A record number of home owners have been having legal disputes with their neighbours over this big problem…have you?
The Legal Services Commission have revealed that there has been a 77 per cent increase in the last year of people seeking online advice on how to manage fencing feuds. That’s right: fencing feuds
Across Australia, neighbours have been battling about their fences and their rights.
The Commission’s fences web page had 45,714 page views in 2014/15, compared with 25,887 in 2013/14, the highest ranking of neighbourhood problems raised with the free service.
Chris Bounday, Commission manager of access services, said fencing issues have always existed but the surge in queries was shocking.
“With property boundaries getting closer … we are seeing increased demand for our advice,” he said.
“Sometimes it’s in suburbs where there are large new property developments, but requests also come from more established areas in which blocks are being subdivided.
“We are a nation of renovators — and that can cause problems when it relates to property boundaries.
“The demand for fencing advice is quite staggering and shows no sign of letting up”.
Solicitor of the Central Community Legal Service, Alan Merritt, puts it down to neighbours just exercising their rights.
“Generally if someone is subdividing and developing and improving it should be their expense to put in new fences.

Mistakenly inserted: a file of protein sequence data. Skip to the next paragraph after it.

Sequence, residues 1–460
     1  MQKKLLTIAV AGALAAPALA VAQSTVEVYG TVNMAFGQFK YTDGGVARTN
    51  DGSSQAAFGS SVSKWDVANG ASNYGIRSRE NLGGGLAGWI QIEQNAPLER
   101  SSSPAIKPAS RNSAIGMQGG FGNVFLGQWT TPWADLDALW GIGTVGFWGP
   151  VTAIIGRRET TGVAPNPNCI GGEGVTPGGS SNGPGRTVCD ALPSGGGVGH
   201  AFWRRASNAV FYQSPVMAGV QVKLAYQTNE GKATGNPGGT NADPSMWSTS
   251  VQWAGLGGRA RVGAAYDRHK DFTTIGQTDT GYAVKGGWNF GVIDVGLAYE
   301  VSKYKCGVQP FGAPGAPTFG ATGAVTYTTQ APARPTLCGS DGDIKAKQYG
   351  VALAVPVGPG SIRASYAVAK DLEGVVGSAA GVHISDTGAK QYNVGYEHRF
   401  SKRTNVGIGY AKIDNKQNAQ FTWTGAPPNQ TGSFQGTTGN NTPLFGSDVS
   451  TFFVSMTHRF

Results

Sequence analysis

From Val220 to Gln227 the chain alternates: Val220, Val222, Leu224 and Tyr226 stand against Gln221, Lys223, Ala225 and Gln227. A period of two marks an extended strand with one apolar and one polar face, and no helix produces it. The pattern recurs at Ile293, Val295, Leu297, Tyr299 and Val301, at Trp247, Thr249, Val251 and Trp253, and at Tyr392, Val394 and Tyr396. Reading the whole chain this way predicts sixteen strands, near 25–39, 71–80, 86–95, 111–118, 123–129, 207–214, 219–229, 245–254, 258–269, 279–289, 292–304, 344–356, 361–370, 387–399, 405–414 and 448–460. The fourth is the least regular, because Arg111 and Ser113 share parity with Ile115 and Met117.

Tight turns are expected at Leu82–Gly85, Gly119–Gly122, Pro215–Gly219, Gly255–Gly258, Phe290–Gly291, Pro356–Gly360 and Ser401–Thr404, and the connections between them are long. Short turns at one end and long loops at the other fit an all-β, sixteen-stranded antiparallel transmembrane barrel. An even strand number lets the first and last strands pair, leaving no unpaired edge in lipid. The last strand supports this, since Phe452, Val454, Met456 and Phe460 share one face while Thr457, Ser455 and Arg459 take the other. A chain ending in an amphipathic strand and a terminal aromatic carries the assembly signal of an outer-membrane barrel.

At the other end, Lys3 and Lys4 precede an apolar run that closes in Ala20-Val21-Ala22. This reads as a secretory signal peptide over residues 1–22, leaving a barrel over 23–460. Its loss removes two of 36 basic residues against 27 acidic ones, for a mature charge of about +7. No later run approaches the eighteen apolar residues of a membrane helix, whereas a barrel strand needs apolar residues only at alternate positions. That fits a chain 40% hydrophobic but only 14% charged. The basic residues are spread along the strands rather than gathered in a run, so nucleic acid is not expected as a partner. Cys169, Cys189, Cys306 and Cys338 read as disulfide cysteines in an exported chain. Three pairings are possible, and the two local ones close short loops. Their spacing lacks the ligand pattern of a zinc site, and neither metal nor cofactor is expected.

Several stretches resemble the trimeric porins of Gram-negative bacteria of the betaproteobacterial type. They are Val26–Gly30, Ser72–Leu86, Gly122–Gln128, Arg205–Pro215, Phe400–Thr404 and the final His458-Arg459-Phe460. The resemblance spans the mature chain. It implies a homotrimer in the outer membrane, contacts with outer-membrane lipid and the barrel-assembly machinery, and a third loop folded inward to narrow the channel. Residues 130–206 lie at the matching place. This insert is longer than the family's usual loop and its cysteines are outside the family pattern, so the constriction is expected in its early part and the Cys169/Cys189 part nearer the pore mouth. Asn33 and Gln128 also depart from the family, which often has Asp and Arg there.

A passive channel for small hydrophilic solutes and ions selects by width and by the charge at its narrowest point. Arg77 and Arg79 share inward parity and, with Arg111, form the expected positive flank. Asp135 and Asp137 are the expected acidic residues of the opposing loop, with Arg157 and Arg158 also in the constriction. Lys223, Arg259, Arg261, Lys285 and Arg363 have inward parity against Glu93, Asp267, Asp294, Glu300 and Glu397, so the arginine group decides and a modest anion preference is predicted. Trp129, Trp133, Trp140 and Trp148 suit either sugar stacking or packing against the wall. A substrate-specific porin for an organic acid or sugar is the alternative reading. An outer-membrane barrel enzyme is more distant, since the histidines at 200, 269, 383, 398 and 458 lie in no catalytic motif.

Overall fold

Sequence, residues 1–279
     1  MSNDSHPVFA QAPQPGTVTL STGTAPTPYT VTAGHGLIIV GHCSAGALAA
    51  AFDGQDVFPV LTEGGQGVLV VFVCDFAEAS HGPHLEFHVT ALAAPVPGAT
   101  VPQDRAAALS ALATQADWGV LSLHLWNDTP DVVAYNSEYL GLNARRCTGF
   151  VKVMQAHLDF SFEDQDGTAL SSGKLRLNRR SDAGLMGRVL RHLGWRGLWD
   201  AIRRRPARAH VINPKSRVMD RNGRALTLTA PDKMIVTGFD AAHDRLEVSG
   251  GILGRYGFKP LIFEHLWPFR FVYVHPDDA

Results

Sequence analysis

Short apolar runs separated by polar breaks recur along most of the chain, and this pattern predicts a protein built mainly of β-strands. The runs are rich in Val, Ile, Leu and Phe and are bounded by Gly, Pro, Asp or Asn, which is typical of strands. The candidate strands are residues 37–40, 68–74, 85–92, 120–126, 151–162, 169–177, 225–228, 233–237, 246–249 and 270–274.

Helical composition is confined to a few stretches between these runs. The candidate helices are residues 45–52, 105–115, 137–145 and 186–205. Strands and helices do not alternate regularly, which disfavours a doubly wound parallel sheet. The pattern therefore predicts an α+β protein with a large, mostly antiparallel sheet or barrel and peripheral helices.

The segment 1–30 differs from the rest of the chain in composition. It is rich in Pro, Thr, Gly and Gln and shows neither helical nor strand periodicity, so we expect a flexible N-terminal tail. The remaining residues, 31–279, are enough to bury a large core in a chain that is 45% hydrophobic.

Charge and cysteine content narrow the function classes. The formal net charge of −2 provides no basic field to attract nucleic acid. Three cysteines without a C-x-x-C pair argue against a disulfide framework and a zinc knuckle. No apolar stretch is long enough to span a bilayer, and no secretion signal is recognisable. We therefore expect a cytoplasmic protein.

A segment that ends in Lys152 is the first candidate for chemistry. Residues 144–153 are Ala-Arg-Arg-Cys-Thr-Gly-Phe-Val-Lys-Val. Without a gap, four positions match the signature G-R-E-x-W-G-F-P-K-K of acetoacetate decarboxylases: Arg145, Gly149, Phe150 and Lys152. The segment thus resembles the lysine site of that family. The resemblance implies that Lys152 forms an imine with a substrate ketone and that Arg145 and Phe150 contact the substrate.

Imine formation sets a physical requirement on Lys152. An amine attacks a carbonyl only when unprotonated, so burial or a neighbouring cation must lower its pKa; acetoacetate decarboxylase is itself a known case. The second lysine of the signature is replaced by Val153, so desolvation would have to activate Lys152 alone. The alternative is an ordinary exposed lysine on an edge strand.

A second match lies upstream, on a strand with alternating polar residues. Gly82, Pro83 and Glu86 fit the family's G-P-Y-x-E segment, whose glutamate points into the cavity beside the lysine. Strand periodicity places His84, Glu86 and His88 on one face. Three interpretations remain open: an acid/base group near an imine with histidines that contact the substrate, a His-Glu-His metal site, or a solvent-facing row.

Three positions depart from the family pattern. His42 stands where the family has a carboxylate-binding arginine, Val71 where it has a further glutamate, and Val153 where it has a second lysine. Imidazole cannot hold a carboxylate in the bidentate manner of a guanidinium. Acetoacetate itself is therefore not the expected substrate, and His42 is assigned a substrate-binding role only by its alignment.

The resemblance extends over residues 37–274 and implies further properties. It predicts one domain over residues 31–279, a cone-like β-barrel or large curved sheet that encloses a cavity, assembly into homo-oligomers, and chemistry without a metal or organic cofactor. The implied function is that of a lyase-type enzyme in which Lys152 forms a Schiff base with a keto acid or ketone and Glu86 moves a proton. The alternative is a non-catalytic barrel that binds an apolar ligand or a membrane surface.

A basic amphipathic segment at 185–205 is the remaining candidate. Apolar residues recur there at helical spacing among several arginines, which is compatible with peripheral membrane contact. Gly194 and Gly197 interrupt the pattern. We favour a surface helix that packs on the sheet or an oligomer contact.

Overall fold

“If there is an existing fence that is OK it shouldn’t mean the neighbour has to contribute to someone else’s development. People often feel they have to contribute to a fence that they don’t really need”, he explained.
The Daily Telegraph compiled some common questions about fencing laws.
Which side should railings be?
There is no law stating which side of the fence the railings should be.
Do I have to seek my neighbour’s agreement if I decide to pay the full cost — or undertake all the work — on my own?
Yes. Even if you pay the cost you should still get their permission. A court may order a person who removes a fence without permission to restore the original fence or alter the new fence if it does not suit the neighbour.
What are the powers of entry onto a neighbour’s property for the purpose of building or fixing a fence?
You cannot go onto your neighbour’s land without legal authority. If they refuse permission and you have followed the procedure under the Fences Act or have a court order, you can obtain a legal right to enter their land by giving two days’ written notice.
Do I need council approval for a fence?
As a general rule, you need council approval to build a fence higher than 2.1 metres, a masonry fence higher than 1 metre, or a fence more than 1 metre in height within 6 metres of a road intersection.
Tell us, have you ever had a dispute about a fence? What happened?